Tests                                            Due


Monday, Oct 19         Discussion Topic: Status Castilla (2008)         Reading Summary #7
                       Attainment                                       Due (Castilla)

Wednesday, Oct 21      Writing Topic: Writing     Corcoran, M. (1995)   Phase 4: Variables
                       about Results                                    Description
                                                                        Assignment Due
Friday, Oct 23 (Lab)   Numeracy Topic:            Group Research        In-Class Distributions
                       Distributions &                                  & Correlations
                       Correlations                                     Assignment Due


Monday, Oct 26         NO CLASS (Work on     NO READINGS                Mid-Term Exam
                       Midterm)              (Work on Midterm)          Due (at Midnight)

Wednesday, Oct 28      Writing Topic:             Group Research
                       Creating Accurate
                       Tables & Figures

                       Group Work: Analyses,
                       Discussion, &
Friday, Oct 30 (Lab)   Numeracy Topic:            Group Research    In-Class Tables &
                       Creating Tables &                            Figures Assignment
                       Figures                                      Due


Monday, Nov 2          Discussion Topic:     Entwisle, Alexander    Reading Summary #8
                       Education             & Olson (2005)         Due (Entwisle)

Wednesday, Nov 4       Writing Topic:             Group Research    Phase 5: Bivariate
                       Writing Discussions &                        Analyses (with
                       Conclusions                                  Tables & Figures)
                       Group Work: Analyses,
                       Discussion, &
Friday, Nov 6 (Lab)    Numeracy Topic:            Group Research    In-Class Multivariate
                       Multivariate Statistical                     Statistics Assignment
                       Tests I                                      Due


Monday, Nov 9          Discussion Topic: Crime Folbre (2009)        Reading Summary #9
                       & Stratification                             Due (Western)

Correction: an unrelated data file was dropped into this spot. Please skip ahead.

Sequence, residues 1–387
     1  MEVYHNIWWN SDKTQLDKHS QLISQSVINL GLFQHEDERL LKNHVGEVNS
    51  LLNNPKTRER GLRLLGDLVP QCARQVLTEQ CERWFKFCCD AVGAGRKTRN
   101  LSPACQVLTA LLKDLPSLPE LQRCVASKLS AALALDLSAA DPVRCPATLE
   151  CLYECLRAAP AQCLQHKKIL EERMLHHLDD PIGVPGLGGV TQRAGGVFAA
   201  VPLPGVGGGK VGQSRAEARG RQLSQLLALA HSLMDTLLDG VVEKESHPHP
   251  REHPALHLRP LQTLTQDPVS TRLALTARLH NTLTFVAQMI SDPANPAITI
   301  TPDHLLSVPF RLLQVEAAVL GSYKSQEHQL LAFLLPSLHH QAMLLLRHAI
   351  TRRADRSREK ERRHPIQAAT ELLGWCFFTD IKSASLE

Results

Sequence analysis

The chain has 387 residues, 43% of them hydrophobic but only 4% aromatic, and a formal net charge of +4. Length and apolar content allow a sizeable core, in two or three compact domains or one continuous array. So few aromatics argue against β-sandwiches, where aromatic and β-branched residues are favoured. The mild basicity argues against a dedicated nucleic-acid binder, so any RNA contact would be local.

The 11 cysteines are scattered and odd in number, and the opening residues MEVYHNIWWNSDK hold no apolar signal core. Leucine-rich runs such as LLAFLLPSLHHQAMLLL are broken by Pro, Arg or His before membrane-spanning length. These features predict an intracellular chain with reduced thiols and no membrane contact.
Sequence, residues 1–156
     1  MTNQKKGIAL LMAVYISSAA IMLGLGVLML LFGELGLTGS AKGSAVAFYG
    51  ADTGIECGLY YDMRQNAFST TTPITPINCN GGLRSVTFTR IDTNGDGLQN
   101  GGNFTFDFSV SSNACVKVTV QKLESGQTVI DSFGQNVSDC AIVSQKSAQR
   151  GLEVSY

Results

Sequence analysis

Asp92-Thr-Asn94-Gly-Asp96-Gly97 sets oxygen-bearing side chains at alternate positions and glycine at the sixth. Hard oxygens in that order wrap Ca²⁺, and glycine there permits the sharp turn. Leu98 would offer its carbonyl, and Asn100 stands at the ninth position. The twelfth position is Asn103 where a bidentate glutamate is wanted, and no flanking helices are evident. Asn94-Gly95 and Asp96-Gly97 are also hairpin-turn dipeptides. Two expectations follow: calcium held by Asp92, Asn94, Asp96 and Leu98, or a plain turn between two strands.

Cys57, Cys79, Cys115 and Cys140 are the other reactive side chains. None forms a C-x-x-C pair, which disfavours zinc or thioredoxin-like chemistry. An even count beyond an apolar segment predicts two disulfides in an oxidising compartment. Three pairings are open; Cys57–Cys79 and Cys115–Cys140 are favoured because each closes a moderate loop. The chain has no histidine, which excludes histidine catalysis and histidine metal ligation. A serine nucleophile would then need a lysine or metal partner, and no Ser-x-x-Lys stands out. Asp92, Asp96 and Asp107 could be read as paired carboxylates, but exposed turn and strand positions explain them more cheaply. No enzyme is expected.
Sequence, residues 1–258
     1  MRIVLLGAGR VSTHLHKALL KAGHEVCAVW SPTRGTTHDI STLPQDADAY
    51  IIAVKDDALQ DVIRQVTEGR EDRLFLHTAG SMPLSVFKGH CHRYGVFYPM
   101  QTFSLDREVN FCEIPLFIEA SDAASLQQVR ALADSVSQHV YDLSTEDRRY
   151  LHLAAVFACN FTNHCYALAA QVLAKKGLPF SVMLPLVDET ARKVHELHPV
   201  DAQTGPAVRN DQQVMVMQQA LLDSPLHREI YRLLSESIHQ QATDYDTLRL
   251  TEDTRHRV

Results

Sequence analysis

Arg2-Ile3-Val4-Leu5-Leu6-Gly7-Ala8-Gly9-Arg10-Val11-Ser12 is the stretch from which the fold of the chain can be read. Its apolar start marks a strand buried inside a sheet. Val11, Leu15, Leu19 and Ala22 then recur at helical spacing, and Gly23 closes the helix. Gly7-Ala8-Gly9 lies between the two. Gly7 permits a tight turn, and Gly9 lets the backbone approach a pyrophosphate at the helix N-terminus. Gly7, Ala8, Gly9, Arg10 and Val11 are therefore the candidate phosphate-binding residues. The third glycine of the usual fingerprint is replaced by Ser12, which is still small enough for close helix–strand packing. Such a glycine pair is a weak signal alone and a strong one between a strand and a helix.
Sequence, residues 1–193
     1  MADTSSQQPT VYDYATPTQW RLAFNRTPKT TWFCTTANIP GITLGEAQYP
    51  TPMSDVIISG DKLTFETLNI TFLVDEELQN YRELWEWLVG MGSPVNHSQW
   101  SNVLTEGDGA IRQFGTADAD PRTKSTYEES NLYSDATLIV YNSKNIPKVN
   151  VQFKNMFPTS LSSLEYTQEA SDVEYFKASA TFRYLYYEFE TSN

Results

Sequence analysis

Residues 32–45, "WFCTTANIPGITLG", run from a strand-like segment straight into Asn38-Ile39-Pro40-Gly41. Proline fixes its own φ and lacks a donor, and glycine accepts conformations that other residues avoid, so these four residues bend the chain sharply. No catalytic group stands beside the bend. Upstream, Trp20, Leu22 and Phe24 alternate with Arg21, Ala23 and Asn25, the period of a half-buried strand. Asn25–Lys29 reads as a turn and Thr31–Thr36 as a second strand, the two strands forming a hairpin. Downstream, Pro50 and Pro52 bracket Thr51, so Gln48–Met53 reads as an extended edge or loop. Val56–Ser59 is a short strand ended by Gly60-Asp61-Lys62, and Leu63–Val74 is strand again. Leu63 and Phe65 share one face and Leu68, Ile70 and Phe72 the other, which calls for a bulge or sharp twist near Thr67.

Western, Kleykamp
                                               & Rosenfeld (2006)
Wednesday, Nov 11      Discussion Topic: Crime Group Research       Phase 6:
                       & Stratification                             Multivariate
                                                                    Analyses (with
                       Group Work: Finishing                        Tables & Figures)
                       the Paper                                    Due
Friday, Nov 13 (Lab)   Numeracy Topic:            Group Research    In-Class Multivariate
                       Multivariate Statistical                     Statistics Assignment
                       Tests II                                     Due


Monday, Nov 16         Discussion Topic:     Hout (2003)           Reading Summary
                       Happiness &                                 #10 Due (Hout)

Wednesday, Nov 18      Writing Topic:             Group Research   Phase 7: Draft I of
                       Presenting your Paper as                    Completed Paper
                       a Poster                                    Due (sign up for
                                                                   writing conference)
                       Group Work:
                       Revising the Paper
THURS, Nov 19          Group Work:
                       Writing Conferences
Friday, Nov 20 (Lab)   Group Work:                Group Research
                       Individual Lab Work/
                       Writing Conferences


Monday, Nov 23         Writing Topic:         Group Research       Phase 8: Draft II of
                       Reviewing Others’                           Completed Paper
                       Work & Giving                               Due (bring 4 copies
                       Constructive Criticism                      of paper)

                       Group Work:
                       Assign Peer Reviews
TUESDAY, Nov 24        Individual Lab Work        Group Research


Monday, Nov 30         Group Work:                Group Research   Peer Review
                       Peer Review Workshop                        Workshop
Wednesday, Dec 2       Group Work:                Group Research
Friday, Dec 4 (Lab)    Group Work:                Group Research
                       Individual Lab Work


Monday, Dec 7         Group Work:           Group Research
                      Revise Paper
Wednesday, Dec 9      Writing Topic:        Group Research   Phase 9: FINAL
(Last day of class)   Presenting your                        PAPERS DUE